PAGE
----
“Soccer isn’t the same as Bach or Buddhism. But it is often more deeply felt than religion, and just as much a part of the community’s fabric, a repository of traditions.”
The 2018 World Cup takes place in Russia from June 14th to July 15th. The World Cup is celebrated by learners around the world. Not only does the World Cup introduce students to different countries and cultures, but they can also learn math, geography, current events, economics, and world news. The big World Cup news today is that the US, Mexico, and Canada will host a joint World Cup in North America in 2026!
FIFA is the official site of the World Cup and presents information in different languages. Below, find a list of activities and resources related to the World Cup, which are sure to engage learners of all ages.
Study the Countries, Teams, and Players
Students can create interactive posters sharing statistics and facts about the different teams or players. Encourage students to pick a player or team from a country they’ve never visited. Each student should research a different team or player so that all can learn from each other’s posters. Genially and Thinglink are two free web tools to create interactive and hyperlinked digital posters.
Students can create infographics comparing facts and statistics about two teams or players. Venngage has several comparison and contrast infographic templates that are free for students to edit. You can also create infographics with these free web tools: Canva, Piktochart, Visme, and Infogr.am.
Plan a World Cup Trip
Students can work in small groups to plan a pretend class trip to the World Cup in Russia or to the 2022 event in Qatar. FIFA provides information about the countries where the event takes place here. Give each group a budget, the amount of days, and any other necessary criteria. The groups will need to study the currency exchange, landmarks, culture, weather, laws and customs to ensure the trip goes smoothly. They will need to look up ticket prices and come up with a schedule that includes the matches, tours, and leisure time. They will have to plan accommodations, flights, transportation, clothing, dining, sightseeing and leisure activities. Each group should present their plans to the class.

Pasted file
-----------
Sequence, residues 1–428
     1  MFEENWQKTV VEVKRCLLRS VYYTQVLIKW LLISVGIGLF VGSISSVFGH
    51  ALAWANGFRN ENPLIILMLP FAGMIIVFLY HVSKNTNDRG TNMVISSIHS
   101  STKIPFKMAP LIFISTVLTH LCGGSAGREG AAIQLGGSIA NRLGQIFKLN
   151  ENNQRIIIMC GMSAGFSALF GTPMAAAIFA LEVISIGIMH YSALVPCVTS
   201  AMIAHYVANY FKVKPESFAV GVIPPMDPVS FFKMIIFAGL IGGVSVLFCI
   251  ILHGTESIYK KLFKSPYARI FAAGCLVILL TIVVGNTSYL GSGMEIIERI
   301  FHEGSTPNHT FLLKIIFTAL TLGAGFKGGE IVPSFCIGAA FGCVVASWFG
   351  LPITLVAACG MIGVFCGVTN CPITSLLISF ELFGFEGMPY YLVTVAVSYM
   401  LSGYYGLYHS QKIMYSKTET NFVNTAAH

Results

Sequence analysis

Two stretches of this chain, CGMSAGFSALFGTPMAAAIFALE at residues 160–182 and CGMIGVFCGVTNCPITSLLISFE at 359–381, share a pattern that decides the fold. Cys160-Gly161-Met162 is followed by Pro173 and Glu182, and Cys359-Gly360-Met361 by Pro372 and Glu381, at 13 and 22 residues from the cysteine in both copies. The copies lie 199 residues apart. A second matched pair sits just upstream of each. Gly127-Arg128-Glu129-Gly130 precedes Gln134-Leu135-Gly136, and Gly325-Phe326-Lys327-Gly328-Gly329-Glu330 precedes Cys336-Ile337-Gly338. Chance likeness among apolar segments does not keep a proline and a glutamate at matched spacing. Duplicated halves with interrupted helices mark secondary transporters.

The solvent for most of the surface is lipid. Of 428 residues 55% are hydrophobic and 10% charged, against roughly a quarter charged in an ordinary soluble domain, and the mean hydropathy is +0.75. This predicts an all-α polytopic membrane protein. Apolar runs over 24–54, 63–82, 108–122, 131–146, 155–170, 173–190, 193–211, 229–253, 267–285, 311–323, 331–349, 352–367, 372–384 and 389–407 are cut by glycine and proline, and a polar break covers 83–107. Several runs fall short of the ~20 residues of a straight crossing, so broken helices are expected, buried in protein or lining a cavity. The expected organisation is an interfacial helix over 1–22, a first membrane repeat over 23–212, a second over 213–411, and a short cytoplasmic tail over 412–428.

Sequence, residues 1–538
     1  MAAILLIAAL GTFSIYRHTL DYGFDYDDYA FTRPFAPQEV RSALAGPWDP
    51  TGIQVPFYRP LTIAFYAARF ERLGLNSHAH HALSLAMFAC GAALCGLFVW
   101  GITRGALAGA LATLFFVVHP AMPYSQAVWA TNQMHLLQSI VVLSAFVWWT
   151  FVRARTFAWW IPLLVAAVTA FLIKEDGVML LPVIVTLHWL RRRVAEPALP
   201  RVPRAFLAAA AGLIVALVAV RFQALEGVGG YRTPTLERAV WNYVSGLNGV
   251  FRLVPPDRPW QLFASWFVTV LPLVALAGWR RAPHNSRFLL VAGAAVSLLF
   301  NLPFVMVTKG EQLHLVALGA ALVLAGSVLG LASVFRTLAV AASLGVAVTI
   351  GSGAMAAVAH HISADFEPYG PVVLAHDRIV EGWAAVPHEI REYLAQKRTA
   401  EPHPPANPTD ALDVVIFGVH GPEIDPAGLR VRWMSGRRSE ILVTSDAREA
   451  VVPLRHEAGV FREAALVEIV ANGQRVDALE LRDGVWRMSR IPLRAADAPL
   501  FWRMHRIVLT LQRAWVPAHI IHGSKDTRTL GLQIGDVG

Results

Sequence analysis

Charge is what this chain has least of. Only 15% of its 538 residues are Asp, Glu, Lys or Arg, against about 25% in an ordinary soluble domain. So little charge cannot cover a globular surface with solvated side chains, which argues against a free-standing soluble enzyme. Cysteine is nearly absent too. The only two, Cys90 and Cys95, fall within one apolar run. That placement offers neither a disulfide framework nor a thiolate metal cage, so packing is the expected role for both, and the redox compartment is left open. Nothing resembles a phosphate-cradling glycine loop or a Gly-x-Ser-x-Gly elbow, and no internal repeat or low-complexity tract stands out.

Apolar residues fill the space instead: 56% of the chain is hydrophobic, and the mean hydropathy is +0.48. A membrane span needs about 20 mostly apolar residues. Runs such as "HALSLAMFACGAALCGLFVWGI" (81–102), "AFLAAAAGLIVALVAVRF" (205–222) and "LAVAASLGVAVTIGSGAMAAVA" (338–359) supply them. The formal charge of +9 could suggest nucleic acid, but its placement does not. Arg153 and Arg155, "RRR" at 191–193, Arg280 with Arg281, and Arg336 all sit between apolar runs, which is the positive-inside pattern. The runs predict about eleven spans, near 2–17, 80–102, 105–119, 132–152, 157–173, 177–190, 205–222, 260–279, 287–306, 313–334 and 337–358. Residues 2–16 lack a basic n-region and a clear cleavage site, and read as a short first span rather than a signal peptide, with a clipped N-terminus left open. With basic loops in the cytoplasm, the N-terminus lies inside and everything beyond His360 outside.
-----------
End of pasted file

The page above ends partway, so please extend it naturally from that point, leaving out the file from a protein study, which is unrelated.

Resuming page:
Follow the Matches
FIFA lists when each match takes place in multiple languages, networks, and areas here. Encourage students to practice English while watching the matches with the following activities:
1. Act as a reporter for the match
Students take down notes during the match and report the highlights in a news article or in a short video news segment. Try the free Touchcast video producer or Talking Tom and Ben News iOS and Android app to produce the video news segments.
Students can either choose the matches they want to see or you can assign pairs a specific match to cover. If two students cover the same match, then get them to compare their reporting of the events, jot down the differences, and have a conversation about the game.
2. Reenact a highlight
Show students one of the videos in this playlist of some of the matches reenacted using LEGO characters. Students then recreate one of their favorite World Cup moments by producing a similar video using LEGOs, playdough, or drawn characters. They could also show this highlight in a comic. Friendstrip and ComicsHead are free apps students can use to transform their own drawings into a comic strip.
3. Act as a commentator for one of the matches
Introduce students to football/soccer vocabulary, rules, and phrases. Use ESL Library’s Soccer/Football lesson to teach learners the vocabulary and interesting details. The How to Speak Football infographic includes a few terms. You will also want to introduce students to the idioms and expressions used by commentators to describe what is happening in the game. You can adapt this Football Commentator Bingo card.
Motivate students to practice the lingo they’ve learned by playing a commentator game! Play a current or previous video clip of any of the World Cup matches without sound. Provide students with background information about the teams, players, and match. Students watch the video clip at least 2 times without the sound and write down what they want to say as a commentator. They should use the vocabulary and idioms they were taught. Then call on two students at a time to stand in front of the video and pretend they are the commentators while you play it again without the sound.
FIFA’s Fan Zone has different options for users to create their own fantasy World Cup team or make their own World Cup predictions. Students can play the digital games listed below or you can always create your own prediction activity based on these examples.
- The Bracket Challenge: Compete with others and predict the group stage results and knockout matches. Earn points and win prizes.
- Match Predictor (web/iOS/Android): Predict the winners of each of the 64 matches. Compete with others.
- This low-intermediate World Cup lesson includes a listening and short reading about the World Cup as well as a few vocabulary review exercises. Students also read a fun story about Pickles the World Cup hero.
- This high-intermediate World Cup lesson includes a listening and short reading with basic history about the FIFA World Cup. Friendly and competitive vocabulary games are used to review new words. Students practice summarizing in an information gap pair activity.
- Check out this slide presentation with these ideas visualized.
- Don’t miss Larry Ferlazzo’s Top Sites For Learning About The 2018 World Cup In Russia.
- ESL Games World has a fun World Cup vocabulary online game.
- ESOL Courses has online games and video quizzes for English learners.
What other World Cup activities and resources do you use to teach English?
If you want to receive more of Shelly’s tips for online resources for teaching English, check out her other ESL Library posts!